Jermal Chandler: You're right; you're like right on with me like lumber oh my goodness. Which of course is bleeding into the housing market, right? Like, I mean, I saw something the other day two by four in Wisconsin. I mean, they're selling them for like $12 and they used to be like a buck. I mean, if that doesn't get to the word, we're going to get to in a second, I don't know what does, but you know, semiconductors, which is bleeding into the auto sector because of all the semiconductors they use with cars and whatnot, plastic and cardboard packaging.

So, like every commodity is just on full tilt right now. We see travel demand return in a big way. I mean, how about this for TSA numbers? Like for this month already, for average, for 2021, we have one and a half million people screening through TSA versus 200,000 for the same time last year versus 2.4 million for 2019. So, we're not quite at 2019 numbers yet, but we're way above where we were a year ago. And we're seeing restaurant capacity increases; oil consumption is back, man. I mean, oil, we know what happened with oil last year. And so, we see oil now trading back in the 60 plus range. So much of this of course is due to the high rate of vaccinations. And of course, it's leading back into I-N-F-L-A-T-I-O-N, inflation. So yeah, I mean, that's basically what I'm watching more than anything.

Patrick: Where you nervous you were going to spell that right there?

Jermal Chandler: I was a little bit nervous. I was, you know, I had to check, I had right next to me just to make sure. But yeah, I was doing a little Aaron Rogers thing right there. You know what I'm saying? R E L A X.

Patrick: Well, I mean, should we relax about inflation? This is deviating a little bit from what we want to talk about, but what do you got for me there?

Jermal Chandler: I mean, you know, they keep saying it's transitory right?

Patrick: Yes, that's what Clarita said yesterday.

Jermal Chandler: Yeah, right. And I mean, we, there's been a ton of jokes about that. I'm a huge swear to God I'm on Twitter quite a bit. And people are showing all kinds of charts with, you know, things busing out through the top of those charts and saying, don't worry, it's transitory. And you know, to some degree, I mean, you would think it's true, right? I mean, everything was certainly transitory last year when we went into lockdown mode, and everybody was hoarding things that was a transitory thing. You would imagine there's going to be a rush to everything; everything's going to be happening at once. Everybody, I mean, I don't know about you, but how many, you know, peer gatherings are you starting to get invited to? Are you starting to hear about things, everybody's doing something? So, I feel like I'm going to be different and say, yeah, I do think it's kind of transitory. I don't know how long the transition will be. And I think that's the key, right. But I think it's transitory.

Patrick: I've had, this May has been incredible with the amount of linkups I've had with people because we have group texts going around. Like you get your second shot, you get your second shot you two weeks after boom. Okay let's all go. And that's a, that's not just limited to my own social circle that is widespread.

Jermal Chandler: I would agree.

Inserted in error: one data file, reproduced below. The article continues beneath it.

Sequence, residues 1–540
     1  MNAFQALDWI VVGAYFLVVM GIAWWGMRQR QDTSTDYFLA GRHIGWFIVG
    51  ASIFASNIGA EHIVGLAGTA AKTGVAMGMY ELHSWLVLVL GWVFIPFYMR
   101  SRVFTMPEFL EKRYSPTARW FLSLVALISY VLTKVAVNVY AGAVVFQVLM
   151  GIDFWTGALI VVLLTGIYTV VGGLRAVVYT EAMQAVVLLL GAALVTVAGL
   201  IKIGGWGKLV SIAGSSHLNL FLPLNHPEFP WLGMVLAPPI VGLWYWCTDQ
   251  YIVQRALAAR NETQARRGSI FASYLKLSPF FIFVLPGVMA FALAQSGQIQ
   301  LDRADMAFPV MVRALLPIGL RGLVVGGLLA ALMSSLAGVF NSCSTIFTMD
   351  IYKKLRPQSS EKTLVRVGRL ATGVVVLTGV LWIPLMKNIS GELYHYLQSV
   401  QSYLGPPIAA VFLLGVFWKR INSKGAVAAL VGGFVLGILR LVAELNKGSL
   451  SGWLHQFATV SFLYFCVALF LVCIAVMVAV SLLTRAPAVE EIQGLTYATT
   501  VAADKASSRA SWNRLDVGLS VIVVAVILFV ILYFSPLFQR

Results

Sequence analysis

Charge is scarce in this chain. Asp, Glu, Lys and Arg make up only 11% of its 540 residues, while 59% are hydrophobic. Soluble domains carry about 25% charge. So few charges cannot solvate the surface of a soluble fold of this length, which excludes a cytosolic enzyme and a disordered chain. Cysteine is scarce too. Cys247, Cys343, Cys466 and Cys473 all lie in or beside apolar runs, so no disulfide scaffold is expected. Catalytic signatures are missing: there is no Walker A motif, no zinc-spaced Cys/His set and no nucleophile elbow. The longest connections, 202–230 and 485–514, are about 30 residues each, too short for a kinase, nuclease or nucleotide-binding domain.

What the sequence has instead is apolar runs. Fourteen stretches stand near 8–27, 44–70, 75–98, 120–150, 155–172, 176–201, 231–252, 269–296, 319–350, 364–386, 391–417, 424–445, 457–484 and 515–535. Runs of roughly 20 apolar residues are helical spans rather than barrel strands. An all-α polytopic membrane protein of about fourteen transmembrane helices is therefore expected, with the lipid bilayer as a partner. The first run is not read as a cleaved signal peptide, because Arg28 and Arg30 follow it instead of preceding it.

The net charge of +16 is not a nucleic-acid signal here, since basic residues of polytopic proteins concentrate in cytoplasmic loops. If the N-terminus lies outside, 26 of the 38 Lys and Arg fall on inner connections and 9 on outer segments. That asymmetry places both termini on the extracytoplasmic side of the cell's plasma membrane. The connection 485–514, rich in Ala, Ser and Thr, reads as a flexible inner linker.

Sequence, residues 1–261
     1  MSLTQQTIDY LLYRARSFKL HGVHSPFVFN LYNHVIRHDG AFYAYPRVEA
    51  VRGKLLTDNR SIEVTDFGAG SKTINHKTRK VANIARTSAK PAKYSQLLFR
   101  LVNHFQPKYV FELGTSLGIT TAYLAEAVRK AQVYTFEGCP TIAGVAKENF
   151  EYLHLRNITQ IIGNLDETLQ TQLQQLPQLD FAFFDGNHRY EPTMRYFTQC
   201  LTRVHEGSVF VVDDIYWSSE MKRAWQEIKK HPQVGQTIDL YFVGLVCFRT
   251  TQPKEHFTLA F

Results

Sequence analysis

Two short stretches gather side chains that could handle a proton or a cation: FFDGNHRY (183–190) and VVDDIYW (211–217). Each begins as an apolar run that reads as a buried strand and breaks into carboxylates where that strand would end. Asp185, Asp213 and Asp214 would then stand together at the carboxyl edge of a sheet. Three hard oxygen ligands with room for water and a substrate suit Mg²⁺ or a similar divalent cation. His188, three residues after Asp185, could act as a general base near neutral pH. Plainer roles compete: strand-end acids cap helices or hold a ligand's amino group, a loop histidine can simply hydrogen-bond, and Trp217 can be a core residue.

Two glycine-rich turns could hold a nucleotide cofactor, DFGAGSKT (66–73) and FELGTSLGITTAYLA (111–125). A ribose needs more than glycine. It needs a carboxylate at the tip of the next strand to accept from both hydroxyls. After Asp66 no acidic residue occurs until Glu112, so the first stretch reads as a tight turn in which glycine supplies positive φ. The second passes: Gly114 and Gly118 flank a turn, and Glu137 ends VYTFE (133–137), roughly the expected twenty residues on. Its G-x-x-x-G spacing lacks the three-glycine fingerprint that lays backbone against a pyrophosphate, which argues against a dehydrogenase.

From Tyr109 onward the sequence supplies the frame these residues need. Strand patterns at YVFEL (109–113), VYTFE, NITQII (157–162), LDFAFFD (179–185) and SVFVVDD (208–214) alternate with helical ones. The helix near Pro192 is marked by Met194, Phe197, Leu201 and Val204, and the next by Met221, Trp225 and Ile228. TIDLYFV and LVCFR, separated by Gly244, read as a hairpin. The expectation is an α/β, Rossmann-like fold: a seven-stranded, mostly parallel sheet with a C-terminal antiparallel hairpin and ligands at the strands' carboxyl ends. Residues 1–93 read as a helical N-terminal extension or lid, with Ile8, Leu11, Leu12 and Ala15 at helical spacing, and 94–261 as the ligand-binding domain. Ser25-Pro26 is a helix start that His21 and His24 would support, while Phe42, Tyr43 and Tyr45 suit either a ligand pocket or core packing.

Patrick: And so, I mentioned Clarita's remarks I do want to run back to or stay with the fed for just a quick second. The asset purchases are continuing, you know, how long do you think that can last before some tapering begins? You know, we briefly touched on that, but I want to come back to it.

Jermal Chandler: Yeah. I mean, the fed continues to like purchase securities that, you know, to the tune of 120 billion a month, I think those questions were already mounting about tapering. After we saw these moves and commodities, we talked about a little while ago, and then, you know, we saw the recent fed minutes where they kind of touched on that idea. And so that chorus continues to get louder however, I don't think it's going to happen until late 2022 or 2023, according to the fed funds futures right now. And according to that CME fed watch tool, which goes out to December of this year. And there's no blip inside going above a quarter on the rates. So, but, you know, then you wonder, well, why? Well, I mean, the fed continues to say that they want to see metrics of better employment. I mean, even though we have falling jobs, weekly job as plains, and we've seen encouraging non-farm payroll reports each month, Although, I think we kind of drop the ball a little bit for April, but those numbers have been encouraging.

However, there's a ton of jobs and no workers. I mean, some places are literally doing paid incentives for interviews, so something doesn't add up there, right. And I did see data recently pointing to the fact that while high income and middle-income jobs have return, low-income jobs have not. So, there's still some of this, you know, the pandemic created inequality and a lot of different businesses and a lot of different sectors everywhere. And I think we're still seeing some inequality amongst the jobs. And I think until we get a handle on the job situation, there's not going to be a taper.

Patrick: And that explains why you see the CME watches projections, basically not budging because that's not something that can be fixed in a flash bang situation. That's going to take long sustained, that's going to take a sustained amount of time to fix it can't just happen at once. There can't be some bill sign that fixes everything.